This post is part of the Indie Life bloghop, brought to you by the Indelibles.
Serious question: Should you advocate for self-publishing? Or traditional-publishing? Or take the "all routes are equally good, fine, acceptable" non-advocating path?
(By "you" I mean "me" and other multiply published authors who are dispensing advice to new writers.)
Caveat: This entire post applies to fiction writers who want to make a career with their writing. (People write for many reasons; all are good. But many fiction writers want to make a career out of their writing, either full or part-time, as opposed to writing solely for hobby purposes. This post is for those writers.)
Idea: Indie First
Hugh Howey fired an idea-salvo with his recent Salon article, where he advocated Indie First (TM, in Hugh's name), namely that every new author, starting their career in 2013, will have the best success going Indie First. This is hardly the first time Hugh has said this, but as his star continues to rise, it's getting more notice.
From the article:
Idea: No One True WayChuck Wendig fired an anti-idea-salvo with his rebuttal to Hugh's article, where he said that there's No One True Way, basically advocated the non-advocating path.
From Chuck's rebuttal:
Chuck's counter to Hugh's idea isn't really a straight counter. Chuck says not everyone wants to indie publish and, hey, trad-publishing is cool too (BTW anyone who thinks that indie publishing is more work or costs more money than trad-publishing needs to read this). He adds that, for him personally, trad-publishing has made him more money over the last two years. Hugh's point was that indie publishing is more likely to pay the bills for most people, not that some people (like Chuck or Hugh) may make more money on one path or the other.
After some serious response on the Kindle Boards to Chuck's rebuttal, he rebutted again, this time saying... basically the same thing. Only with more detailed reasons why someone would not want to self-publish (for reasons unrelated to money). (You can read mine and Chuck's sparring over there.)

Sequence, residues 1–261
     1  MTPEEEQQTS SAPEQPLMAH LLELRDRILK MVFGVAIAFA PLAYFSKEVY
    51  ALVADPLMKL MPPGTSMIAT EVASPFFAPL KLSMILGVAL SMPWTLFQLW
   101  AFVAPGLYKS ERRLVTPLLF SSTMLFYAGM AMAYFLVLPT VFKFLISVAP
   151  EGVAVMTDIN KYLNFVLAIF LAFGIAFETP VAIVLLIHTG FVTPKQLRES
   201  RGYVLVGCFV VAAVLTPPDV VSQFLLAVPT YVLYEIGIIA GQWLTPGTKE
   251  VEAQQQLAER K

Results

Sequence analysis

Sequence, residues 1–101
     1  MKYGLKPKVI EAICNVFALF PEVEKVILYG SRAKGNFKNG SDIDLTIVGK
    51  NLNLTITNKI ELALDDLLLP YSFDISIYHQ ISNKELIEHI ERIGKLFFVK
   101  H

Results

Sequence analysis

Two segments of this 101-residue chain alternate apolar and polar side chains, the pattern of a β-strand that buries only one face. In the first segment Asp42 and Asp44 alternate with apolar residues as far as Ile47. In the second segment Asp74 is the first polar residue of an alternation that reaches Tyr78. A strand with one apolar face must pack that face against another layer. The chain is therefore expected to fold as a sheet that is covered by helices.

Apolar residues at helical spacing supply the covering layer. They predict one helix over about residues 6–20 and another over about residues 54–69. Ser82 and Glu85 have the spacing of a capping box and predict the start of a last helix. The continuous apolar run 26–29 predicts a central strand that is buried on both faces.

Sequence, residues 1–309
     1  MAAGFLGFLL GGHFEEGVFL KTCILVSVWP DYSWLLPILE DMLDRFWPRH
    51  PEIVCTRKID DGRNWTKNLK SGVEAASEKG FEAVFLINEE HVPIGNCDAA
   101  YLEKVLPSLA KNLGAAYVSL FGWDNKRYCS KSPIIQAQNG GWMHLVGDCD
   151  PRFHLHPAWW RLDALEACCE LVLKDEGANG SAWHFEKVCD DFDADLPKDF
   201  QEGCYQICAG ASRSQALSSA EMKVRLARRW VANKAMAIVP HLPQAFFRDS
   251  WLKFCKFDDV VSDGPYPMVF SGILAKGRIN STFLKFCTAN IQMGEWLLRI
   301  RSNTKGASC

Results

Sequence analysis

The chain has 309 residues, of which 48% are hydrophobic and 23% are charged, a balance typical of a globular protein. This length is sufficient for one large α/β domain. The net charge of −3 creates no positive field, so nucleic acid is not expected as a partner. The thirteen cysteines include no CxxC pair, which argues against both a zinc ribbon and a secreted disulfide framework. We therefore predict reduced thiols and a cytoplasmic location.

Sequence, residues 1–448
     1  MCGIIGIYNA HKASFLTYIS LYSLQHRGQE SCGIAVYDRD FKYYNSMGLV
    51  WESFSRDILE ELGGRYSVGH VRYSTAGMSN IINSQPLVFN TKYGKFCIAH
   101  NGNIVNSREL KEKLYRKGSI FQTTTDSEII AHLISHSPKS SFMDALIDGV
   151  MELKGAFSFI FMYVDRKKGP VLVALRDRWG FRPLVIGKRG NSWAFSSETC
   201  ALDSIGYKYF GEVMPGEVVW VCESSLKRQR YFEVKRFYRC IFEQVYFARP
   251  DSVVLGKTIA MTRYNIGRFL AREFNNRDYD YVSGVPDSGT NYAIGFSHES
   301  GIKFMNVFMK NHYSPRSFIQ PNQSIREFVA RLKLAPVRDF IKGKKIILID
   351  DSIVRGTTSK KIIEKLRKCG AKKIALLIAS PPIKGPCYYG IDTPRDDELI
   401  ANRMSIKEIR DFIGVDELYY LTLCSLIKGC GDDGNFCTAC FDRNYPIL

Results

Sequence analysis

From Chuck's article: "When you say something is best, you're speaking in terms so simplistic they're meaningless. Best how? Best for money? Readership? Respect? Happiness?"
Actually Indie First isn't meaningless at all. It's very specific and powerful (which is why it has such traction): Indie First says it's best for money. No one can tell you what will make you happy. But a whole lot of writers DO have best for money as a pretty important criteria, simply because they want to earn a living with their writing.
Eventually, in the comments, the sticking point did come down to this: Chuck doesn't think that authors should advocate one path or another and doesn't believe that indie publishing offers the best option for making money for authors.
Fair enough. That's the No One True Way position.
This has basically been the mantra for... well, pretty much ever, at least for serious fiction writers wanting to make a career out of their writing. In the past, this was based on the facts on the ground at the time: publishers had a lock on distribution and indie publishing consisted mainly of doing a small print run on your own and handselling your books. Now, the facts on the ground have changed. Indie publishing connects authors to readers around the world at virtually no cost (in distribution). However, the mantra is still there, with the idea that indie publishing should be a last resort or no resort option.